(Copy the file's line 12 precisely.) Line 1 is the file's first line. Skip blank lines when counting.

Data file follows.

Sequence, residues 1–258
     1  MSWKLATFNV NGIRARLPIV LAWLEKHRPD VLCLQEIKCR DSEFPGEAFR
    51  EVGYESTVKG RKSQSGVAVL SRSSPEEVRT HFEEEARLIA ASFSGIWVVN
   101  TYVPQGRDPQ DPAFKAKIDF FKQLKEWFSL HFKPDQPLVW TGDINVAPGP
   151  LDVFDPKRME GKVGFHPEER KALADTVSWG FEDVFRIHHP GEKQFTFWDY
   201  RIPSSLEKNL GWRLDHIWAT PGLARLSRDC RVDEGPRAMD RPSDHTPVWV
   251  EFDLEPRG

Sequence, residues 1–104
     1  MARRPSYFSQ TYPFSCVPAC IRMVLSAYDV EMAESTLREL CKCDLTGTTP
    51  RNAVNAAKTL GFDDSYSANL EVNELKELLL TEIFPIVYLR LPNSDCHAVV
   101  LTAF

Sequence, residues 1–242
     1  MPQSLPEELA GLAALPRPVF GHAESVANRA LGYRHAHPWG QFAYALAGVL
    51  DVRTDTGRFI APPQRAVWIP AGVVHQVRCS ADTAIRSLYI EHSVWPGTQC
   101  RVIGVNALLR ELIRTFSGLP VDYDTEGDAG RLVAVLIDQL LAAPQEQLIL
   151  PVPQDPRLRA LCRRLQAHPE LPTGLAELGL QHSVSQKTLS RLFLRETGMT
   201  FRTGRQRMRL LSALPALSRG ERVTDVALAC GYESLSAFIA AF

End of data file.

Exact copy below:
Sequence, residues 1–242